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Before the Devil Knows You're Dead

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Before the Devil Knows You're Dead
Theatrical release poster
Directed bySidney Lumet
Written byKelly Masterson
Produced by
  • Paul Parmar
  • Michael Cerenzie
  • Brian Linse
  • William S. Gilmore
CinematographyRon Fortunato
Edited byTom Swartwout
Music byCarter Burwell
Distributed byThinkFilm
Release dates
  • September 6, 2007 (2007-09-06) (Deauville)
  • October 26, 2007 (2007-10-26) (United States)
Running time
117 minutes[2]
CountryUnited States
Budget$18 million[3]
Box office$25 million[2]

Before the Devil Knows You're Dead is a 2007 American crime thriller film directed by Sidney Lumet.[4] The film was written by Kelly Masterson, and stars Philip Seymour Hoffman, Ethan Hawke, Marisa Tomei, and Albert Finney. The title comes from the Irish saying: "May you be in heaven a full half-hour before the devil knows you're dead". The film unfolds in a nonlinear narrative, repeatedly going back and forth in time, with some scenes shown repeatedly from differing points of view. It was the last film directed by Lumet before his death in 2011.

The film appeared on 21 critics' end-of-the-year top ten lists indexed by Metacritic and was selected as one of 2007's ten best American films by the American Film Institute, at the 2007 AFI Awards.[5]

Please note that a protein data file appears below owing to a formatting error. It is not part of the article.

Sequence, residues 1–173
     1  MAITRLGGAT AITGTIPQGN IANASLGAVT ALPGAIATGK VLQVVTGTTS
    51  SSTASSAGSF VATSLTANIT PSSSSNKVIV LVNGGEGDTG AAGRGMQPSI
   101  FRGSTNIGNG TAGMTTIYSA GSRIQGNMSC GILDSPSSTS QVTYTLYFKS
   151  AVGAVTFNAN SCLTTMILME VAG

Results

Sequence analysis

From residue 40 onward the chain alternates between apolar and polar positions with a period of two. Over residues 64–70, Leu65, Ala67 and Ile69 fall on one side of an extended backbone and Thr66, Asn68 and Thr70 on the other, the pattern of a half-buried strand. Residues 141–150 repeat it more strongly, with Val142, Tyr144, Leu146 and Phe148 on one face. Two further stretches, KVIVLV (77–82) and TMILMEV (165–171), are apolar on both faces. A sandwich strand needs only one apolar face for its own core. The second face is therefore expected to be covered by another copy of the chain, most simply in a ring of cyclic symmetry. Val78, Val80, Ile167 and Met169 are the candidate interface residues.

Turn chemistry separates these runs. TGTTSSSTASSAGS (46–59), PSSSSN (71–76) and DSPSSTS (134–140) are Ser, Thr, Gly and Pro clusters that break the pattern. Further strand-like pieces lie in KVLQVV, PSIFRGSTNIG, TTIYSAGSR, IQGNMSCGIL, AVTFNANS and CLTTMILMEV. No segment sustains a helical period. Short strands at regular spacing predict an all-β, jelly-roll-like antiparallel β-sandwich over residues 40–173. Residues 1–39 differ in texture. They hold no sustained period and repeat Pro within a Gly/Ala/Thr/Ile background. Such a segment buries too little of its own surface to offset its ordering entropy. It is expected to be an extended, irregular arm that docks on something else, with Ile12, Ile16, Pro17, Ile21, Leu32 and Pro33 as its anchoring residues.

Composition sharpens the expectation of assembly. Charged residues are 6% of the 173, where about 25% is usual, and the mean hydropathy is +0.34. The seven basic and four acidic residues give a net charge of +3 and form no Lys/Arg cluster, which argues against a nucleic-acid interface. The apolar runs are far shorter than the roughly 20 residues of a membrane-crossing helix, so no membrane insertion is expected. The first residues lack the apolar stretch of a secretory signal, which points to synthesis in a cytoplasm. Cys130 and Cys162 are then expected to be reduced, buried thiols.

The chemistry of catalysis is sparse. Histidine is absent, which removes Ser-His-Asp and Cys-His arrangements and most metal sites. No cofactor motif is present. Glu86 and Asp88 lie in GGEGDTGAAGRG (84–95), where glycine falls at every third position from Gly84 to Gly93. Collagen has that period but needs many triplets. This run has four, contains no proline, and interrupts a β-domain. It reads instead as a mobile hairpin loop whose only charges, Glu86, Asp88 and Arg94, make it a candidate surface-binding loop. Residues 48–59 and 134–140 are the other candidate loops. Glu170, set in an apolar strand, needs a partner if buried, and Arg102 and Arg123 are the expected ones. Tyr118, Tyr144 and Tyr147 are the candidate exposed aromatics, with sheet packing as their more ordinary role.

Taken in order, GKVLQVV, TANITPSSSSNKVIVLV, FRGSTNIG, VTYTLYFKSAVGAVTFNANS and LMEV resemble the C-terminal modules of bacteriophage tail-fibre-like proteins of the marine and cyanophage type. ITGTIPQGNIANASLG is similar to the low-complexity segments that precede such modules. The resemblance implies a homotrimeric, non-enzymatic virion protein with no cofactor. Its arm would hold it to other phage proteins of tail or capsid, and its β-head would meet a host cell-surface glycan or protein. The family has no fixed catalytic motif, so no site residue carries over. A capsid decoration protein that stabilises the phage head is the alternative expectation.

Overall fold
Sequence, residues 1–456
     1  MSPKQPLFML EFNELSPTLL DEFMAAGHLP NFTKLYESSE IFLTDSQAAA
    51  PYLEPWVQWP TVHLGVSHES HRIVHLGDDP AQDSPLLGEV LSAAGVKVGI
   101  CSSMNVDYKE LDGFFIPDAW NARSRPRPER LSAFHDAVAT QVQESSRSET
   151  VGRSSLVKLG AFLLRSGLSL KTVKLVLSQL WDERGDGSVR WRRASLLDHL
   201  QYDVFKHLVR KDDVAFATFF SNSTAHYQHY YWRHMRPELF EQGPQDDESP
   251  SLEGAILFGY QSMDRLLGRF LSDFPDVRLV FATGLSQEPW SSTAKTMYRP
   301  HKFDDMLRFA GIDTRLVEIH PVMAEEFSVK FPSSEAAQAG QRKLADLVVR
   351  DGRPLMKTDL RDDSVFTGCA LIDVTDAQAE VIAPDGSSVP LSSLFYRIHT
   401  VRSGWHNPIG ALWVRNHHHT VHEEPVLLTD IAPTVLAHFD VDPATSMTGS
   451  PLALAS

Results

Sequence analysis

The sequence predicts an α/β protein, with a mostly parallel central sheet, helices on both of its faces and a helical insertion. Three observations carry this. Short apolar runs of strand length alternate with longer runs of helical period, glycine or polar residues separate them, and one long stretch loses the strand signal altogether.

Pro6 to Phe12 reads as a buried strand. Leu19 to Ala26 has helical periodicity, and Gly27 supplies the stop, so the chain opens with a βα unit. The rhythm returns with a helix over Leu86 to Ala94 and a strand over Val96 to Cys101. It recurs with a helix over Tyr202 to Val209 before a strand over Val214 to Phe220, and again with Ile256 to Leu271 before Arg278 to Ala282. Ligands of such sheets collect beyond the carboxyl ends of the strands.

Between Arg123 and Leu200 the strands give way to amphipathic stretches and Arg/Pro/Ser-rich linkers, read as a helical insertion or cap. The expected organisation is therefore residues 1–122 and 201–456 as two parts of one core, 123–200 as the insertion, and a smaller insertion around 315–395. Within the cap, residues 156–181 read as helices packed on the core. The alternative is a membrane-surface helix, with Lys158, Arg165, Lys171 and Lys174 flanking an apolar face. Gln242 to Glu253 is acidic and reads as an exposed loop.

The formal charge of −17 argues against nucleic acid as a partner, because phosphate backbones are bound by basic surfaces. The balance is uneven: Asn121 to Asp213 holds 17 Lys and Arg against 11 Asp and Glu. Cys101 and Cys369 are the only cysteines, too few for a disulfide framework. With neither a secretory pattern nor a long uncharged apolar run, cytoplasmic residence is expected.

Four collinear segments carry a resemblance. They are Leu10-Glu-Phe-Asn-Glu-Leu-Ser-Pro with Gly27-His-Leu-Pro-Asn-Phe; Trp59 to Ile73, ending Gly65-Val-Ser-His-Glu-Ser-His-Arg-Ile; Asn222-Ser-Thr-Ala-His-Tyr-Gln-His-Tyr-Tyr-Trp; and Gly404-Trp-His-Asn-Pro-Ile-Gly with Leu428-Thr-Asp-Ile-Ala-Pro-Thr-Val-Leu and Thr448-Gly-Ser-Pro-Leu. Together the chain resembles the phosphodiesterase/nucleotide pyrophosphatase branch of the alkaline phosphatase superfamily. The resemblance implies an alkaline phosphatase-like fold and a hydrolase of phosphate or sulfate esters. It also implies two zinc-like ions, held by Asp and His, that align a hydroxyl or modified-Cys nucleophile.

Note: The story is explained here in its chronological order, rather than as it is presented in the film.

Facing an upcoming audit that will reveal his embezzlement, finance executive Andy Hanson decides to escape to Brazil. To raise the necessary funds, he enlists the aid of his brother, Hank, a divorced father who needs money to pay child support and tuition. Hank has been having an affair with Andy's wife, Gina.

Hank is well-meaning but easily dominated by Andy, a ruthless schemer. Andy, in turn, resents his younger and more attractive brother, whom their parents favored. Andy plans to rob their parents' jewelry store, to which Hank reluctantly agrees. Andy argues that he cannot go himself because he has been seen in the neighborhood recently. They assume that only Doris, an elderly employee, will be there, necessitating only a toy gun, and ensuring that insurance will make it a victimless crime. Andy plans to fence the jewelry via a New York City dealer his father knows, and expects to net about $120,000 from the robbery.